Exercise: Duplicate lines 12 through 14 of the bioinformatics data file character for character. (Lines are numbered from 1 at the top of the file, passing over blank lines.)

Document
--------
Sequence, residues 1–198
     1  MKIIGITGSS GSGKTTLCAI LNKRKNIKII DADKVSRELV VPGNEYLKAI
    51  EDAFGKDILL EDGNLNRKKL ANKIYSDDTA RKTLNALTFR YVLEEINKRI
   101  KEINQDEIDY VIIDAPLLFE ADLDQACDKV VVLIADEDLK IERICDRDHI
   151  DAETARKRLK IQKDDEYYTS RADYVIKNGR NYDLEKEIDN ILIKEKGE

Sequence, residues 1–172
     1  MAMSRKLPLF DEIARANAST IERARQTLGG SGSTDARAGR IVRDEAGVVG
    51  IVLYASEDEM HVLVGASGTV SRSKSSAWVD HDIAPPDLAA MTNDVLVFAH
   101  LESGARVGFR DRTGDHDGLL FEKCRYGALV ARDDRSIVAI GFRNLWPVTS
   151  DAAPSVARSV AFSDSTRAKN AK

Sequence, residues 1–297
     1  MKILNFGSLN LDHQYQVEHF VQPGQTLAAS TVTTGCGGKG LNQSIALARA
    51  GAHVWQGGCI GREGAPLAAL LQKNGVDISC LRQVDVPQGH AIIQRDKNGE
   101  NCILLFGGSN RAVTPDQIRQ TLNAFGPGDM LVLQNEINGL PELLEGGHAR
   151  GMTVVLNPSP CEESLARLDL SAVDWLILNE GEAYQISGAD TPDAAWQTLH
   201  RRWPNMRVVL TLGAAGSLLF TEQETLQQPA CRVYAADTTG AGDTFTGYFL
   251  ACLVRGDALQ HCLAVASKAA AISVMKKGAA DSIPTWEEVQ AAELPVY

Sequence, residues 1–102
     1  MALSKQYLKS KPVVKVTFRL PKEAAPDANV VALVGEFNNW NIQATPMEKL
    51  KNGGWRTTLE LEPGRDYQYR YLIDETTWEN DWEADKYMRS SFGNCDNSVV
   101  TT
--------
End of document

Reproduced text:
     1  MKILNFGSLN LDHQYQVEHF VQPGQTLAAS TVTTGCGGKG LNQSIALARA
    51  GAHVWQGGCI GREGAPLAAL LQKNGVDISC LRQVDVPQGH AIIQRDKNGE
   101  NCILLFGGSN RAVTPDQIRQ TLNAFGPGDM LVLQNEINGL PELLEGGHAR